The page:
Corto Maltese is a sailor, an adventurer, a privateer,
a “man of fortune.”
From his mother he inherits his Mediterranean features and passion, from his father a longing for voyage, and from both a love of mystery and the talent of seeing beneath the surface of things.
Corto attends a Shul in Malta, and becomes familiar with the Kabala. As a young man, his immersion in the life of the ports of this sea island between Europe and Africa brings him face to face with a bracing and seemingly unlimited diversity of men and philosophies.
As his character unfolds, we see that Corto is just worldly enough to keep from being disillusioned with human nature, but never quite loses his inner compass, and is always ready to fight to affirm the principles of liberty and independence.
Early in his life, we get a glimpse of the quintessential Corto. One day in Cordoba, a friend of his mother’s takes hold of the boy’s left hand and begins telling his fortune. She is horrified to find that he has no life line. Corto is barely ten, but without hesitation he grabs one of his father’s straight razors and gouges one into his hand.
Joining the likes of Ulysses, Corto takes his place amongst the great wayfarers of history, yearning to stand before magic and mystery in distant lands. He takes his place amongst men and women who know that body and spirit are renewed through risk and adventure.
As each episode of his life is unveiled, Corto seems to be moved by clearly recognizable desires. A journey may begin with the hunt for treasure, for a magic ring, or by attempting to decode an ancient map. We soon learn that he is less interested in the goal at hand than in the sensual rush of new experiences. All the while, he never loses his innate appreciation for true friendship or genuine respect for the individuals who come across his path.
It is impossible to pin down Corto’s politics or his social ideals. The tales of his exploits take us to places as far flung as Manchuria, the Caribbean, Ethiopia, Ireland, Patagonia, New Guinea, and Polynesia, and span approximately the first thirty years of the twentieth century. Yet, his spirit and his language are utterly modern.
The world of Corto Maltese is a kaleidoscope of cultural meeting points, and of the possibilities within human nature when we are placed in vastly different environments, or faced with daunting and larger than life personalities. The range and intensity of these interfaces produce states of mind that are somewhere between reality and the imagination.
Corto’s interactions with women are based on mutual respect. The women in these tales are not just complex characters – they also act as cunning guides to the unknown. The world of Caribbean mysticism, including voodoo, casts its spell on us via the Brazilian sorceress Bocca Dorata. The ineluctable social and political logic of the Chinese Revolution is brought to life with the determined and resourceful rebel Shanghai Lil. The mythic legends of the Celtic world, and the fables of Viviana and of Merlin are evoked the melancholy Irish mystic Banshee. The culture and philosophy of Greece are sculpted in our minds with the words of the mysterious Ipazia, the reincarnation of a female caretaker and sage at the ill-fated library of Alexandria.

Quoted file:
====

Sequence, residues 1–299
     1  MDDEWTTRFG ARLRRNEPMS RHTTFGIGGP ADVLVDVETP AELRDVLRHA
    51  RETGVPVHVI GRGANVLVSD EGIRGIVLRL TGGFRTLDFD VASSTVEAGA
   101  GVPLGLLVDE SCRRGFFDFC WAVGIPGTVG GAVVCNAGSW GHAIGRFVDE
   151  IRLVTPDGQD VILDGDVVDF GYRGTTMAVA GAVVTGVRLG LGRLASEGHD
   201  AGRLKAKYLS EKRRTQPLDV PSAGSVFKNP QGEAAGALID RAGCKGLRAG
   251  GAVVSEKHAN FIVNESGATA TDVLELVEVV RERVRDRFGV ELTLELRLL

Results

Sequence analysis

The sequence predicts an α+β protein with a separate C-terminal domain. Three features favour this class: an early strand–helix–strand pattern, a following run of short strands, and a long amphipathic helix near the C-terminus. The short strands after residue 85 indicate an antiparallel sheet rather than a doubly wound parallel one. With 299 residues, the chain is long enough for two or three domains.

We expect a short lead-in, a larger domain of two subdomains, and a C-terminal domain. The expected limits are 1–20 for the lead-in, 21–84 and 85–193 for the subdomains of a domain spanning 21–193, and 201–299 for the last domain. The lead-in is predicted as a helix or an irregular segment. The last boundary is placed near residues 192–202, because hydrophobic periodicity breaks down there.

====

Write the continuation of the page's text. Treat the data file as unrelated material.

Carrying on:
As we vicariously enjoy the storied life of Corto Maltese, we are encouragedto let our imaginations run free and delight in the world of surprise that await us at every turn. The adventures of Corto sometimes bring him face to face with actual historical figures, from Jack London to Stalin, from the exquisite Italian poet Gabrielle D’Annunzio to the resourceful Butch Cassidy. These encounters establish a broad historical context for us. We can then turn back to the lives and fortunes of the exquisitely constructed minor characters, who represent the men and women who were subject to grand historical forces that shook the world during the first part of the twentieth century.
World War I is brought to life through the fortunes of a small band of German sea raiders plying the waters of a Pacific Ocean crisscrossed by Papuan warriors and New Zealand cruisers; in the time of the Russian Revolution, we follow the fate of an armored train full of the hoarded treasures of a Russian nobility slated for extinction, and of the Bolsheviks, secret Chinese societies, and grand warlords who all hunger for the loot, each with a cherished agenda.
These are the wide horizons within which the stories unfold. Corto can be skeptical but at the same time is tirelessly curious about the wide world. His knowledge accumulates over the course of the many adventures and we start to see an idiosyncratic personal morality, bounded only by Corto’s adherence to principles of loyalty and friendship, principles that cut across lines of ethnicity and social class.
Corto exhibits the same self-assurance and frankness with everyone he meets. He is equally comfortable, and assertive, with British admirals or Maori sailors; he fights alongside Ethiopian rebels and renegade German officers. His intellectual curiosity is evident in his conversations with characters as diverse as Melchisedec the rabbi, the Chinese sage Vita Lunga, or a venerable Dominican monk on the waters of the Venetian lagoon.
Corto Maltese is a modern anti-hero who believes in the infinite potential of man, a risk-taker who is constantly testing the fine line between grand goals and utter recklessness. For Corto, even his spectacular failures expand his spirit, his knowledge, his circle of loyalties.
Corto Maltese is an ideal travel companion because he is a true friend, an intrepid guide, and an opener of doors.